There seemed to be a little confusion just before the jury came back after an afternoon break as to whether a mistrial motion had been made.
But at day’s end, defense counsel Gary Lincenberg renewed the call for a mistrial. The other defense attorneys joined, arguing that the “cumulative” effect of all these mentions of children and trafficking had tainted the jury.
Cambria’s cross-examination of Luria was a delight to watch. I wish videotaping was allowed in the court because that footage would most certainly go viral.
The wily, Buffalo-based attorney, who once repped porn mogul Larry Flynt, effortlessly punctured all of Luria’s pompous assumptions, leaving Luria nearly speechless at moments.
The following is a rough recounting from my notes of the best of this give-and-take. It was one of the most satisfying moments of the trial so far. Some of those on the jury appeared to be smiling.
Cambria: So, do religious leaders ask for money?
Luria: To help people.
Cambria: C’mon they ask for money all the time.
Luria: Technically, yes.
Cambria then asks about Luria’s group soliciting donations.
Luria: The comparison you’re making is wrong.
Cambria: What about the issue of Catholic priests [molesting] young people? Did that get an ad in The New York Times?
Luria: I think there’s a difference.
Cambria: Of course you do . . . You know the old saying about casting the first stone?
Luria: (apparently stunned by the Biblical reference) Shocking.
Cambria asked if Luria knew that one of the church attendees at the meeting with Backpage, an Episcopal bishop, hired a former Catholic priest accused of molestation?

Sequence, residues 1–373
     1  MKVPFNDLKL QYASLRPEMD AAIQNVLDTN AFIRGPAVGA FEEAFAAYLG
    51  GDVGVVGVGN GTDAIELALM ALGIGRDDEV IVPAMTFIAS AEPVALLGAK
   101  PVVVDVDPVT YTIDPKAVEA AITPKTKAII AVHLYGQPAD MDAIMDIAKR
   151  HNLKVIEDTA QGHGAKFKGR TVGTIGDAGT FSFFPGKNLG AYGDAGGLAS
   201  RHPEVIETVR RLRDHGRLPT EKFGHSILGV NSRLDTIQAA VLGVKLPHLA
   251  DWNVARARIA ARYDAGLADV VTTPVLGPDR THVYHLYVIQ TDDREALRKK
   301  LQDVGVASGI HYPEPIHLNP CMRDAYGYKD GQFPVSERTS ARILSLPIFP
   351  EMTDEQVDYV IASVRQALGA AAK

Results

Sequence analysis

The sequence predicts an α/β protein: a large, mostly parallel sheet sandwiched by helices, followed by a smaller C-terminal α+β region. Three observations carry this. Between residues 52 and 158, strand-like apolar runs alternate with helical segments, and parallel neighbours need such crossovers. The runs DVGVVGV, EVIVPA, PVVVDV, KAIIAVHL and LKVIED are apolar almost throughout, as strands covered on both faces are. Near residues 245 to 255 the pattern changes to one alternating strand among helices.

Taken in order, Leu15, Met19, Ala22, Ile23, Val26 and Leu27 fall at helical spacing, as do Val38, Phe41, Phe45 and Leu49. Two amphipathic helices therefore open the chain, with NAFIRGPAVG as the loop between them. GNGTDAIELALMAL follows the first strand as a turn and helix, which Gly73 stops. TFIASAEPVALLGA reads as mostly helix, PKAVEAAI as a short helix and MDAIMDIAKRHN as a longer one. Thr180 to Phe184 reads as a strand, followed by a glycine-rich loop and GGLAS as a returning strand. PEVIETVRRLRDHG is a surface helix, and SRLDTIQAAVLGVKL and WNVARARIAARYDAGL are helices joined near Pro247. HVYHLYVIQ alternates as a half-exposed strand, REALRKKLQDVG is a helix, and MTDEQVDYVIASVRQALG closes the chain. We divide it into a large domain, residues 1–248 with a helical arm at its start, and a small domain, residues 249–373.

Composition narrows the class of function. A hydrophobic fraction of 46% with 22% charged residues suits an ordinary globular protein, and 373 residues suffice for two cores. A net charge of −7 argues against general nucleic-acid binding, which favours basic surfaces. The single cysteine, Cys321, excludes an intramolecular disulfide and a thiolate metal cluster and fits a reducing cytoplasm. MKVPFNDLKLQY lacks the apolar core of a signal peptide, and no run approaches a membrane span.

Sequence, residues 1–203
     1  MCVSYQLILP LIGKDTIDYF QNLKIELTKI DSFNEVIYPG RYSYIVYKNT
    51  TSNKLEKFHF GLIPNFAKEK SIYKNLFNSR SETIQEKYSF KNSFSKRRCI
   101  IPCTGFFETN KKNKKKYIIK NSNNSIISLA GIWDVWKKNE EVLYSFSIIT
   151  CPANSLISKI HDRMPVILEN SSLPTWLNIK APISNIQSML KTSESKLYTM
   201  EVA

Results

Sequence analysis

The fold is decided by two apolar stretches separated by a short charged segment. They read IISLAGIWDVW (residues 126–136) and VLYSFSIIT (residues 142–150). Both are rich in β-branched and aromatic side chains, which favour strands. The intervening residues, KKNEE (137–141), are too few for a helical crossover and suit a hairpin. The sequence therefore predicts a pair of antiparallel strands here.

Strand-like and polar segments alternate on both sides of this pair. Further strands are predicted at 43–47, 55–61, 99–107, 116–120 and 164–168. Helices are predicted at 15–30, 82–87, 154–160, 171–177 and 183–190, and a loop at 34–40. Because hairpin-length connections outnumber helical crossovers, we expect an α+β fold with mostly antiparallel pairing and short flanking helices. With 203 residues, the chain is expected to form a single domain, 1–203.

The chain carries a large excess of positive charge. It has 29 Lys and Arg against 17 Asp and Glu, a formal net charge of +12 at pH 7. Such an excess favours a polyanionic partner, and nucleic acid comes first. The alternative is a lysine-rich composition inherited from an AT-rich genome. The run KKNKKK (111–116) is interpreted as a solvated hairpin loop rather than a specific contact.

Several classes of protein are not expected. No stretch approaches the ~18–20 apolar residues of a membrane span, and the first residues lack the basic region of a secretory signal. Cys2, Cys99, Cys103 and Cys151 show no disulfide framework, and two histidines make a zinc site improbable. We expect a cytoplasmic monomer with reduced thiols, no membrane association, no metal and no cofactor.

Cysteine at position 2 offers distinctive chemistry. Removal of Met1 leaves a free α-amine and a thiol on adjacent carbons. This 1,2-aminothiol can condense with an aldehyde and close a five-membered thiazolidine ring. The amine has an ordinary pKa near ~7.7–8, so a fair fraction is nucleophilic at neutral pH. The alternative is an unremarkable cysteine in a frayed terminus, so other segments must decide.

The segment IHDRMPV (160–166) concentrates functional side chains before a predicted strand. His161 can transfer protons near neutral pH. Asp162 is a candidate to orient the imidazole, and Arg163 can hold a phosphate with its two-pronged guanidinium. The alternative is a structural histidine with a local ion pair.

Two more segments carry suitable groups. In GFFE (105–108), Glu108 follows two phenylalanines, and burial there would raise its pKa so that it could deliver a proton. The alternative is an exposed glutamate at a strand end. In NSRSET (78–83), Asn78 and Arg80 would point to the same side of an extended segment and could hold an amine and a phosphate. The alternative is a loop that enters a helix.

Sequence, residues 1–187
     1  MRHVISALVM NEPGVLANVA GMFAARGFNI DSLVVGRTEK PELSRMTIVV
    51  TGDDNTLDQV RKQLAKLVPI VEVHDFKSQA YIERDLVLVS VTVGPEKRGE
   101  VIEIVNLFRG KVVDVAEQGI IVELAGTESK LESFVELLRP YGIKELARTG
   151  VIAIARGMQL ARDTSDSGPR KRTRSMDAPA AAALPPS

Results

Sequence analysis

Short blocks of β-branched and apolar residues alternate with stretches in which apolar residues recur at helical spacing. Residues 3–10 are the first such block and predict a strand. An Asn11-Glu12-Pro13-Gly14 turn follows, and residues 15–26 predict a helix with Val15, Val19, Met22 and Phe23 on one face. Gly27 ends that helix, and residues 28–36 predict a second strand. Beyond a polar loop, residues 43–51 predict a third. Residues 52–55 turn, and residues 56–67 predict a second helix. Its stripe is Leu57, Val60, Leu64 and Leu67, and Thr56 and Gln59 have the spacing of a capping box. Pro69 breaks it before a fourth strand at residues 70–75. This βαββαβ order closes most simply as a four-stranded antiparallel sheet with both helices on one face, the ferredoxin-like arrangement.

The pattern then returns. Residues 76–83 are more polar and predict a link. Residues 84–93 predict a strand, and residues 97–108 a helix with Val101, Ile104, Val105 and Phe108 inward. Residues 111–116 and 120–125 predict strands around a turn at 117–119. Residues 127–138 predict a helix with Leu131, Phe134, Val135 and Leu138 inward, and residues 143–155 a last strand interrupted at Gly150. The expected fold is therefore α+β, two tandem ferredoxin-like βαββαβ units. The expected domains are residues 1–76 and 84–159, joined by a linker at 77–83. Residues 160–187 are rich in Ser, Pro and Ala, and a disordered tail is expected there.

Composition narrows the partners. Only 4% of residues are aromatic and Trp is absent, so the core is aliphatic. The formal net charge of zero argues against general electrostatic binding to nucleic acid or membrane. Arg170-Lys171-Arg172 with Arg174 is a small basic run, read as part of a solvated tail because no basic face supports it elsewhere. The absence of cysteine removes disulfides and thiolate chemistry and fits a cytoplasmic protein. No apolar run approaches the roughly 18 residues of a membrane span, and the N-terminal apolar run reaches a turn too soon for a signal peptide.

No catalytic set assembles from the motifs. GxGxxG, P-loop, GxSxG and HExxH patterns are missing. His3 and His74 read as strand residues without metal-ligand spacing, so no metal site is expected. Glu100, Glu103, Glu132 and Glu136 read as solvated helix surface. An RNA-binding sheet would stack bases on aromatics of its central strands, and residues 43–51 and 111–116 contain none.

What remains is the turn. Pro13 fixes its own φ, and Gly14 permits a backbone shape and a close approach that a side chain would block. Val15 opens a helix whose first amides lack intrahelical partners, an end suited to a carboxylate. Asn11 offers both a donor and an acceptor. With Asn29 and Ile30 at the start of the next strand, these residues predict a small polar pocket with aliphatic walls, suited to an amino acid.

The government objected, and Humetewa sustained. Cambria tried rephrasing his question, but Humetewa would not allow it.
Cambria asked about a list of VVM advertisers, whom the Auburn people contacted as part of their boycott.
Luria said he’d given a copy of the list to Backpage’s attorney. But the list was incomplete.
Cambria: Did you say [it was because] your mother-in-law was in an accident and hit a deer?
Luria: Yes, I made a mistake.
Cambria: Did you know Facebook reported more than 20 million child sexual abuse images on its platform?
Luria: I’m familiar with Facebook’s reporting, but not the number.
Cambria: Did you ever meet with Facebook on whether portions of Facebook should be shut down?
Luria: No, we focused on Backpage.
NCMEC advised Groundswell on its anti-Backpage campaign, you see.
And those, my friends, are just the highlights.
Luria was later dismissed, his honey-baked ham roasted to a delicious crisp.
Trial begins again Thursday at 8:45 a.m. in Phoenix’s federal courthouse. For regular updates during breaks in the trial, follow me on Twitter/X , @stephenlemons.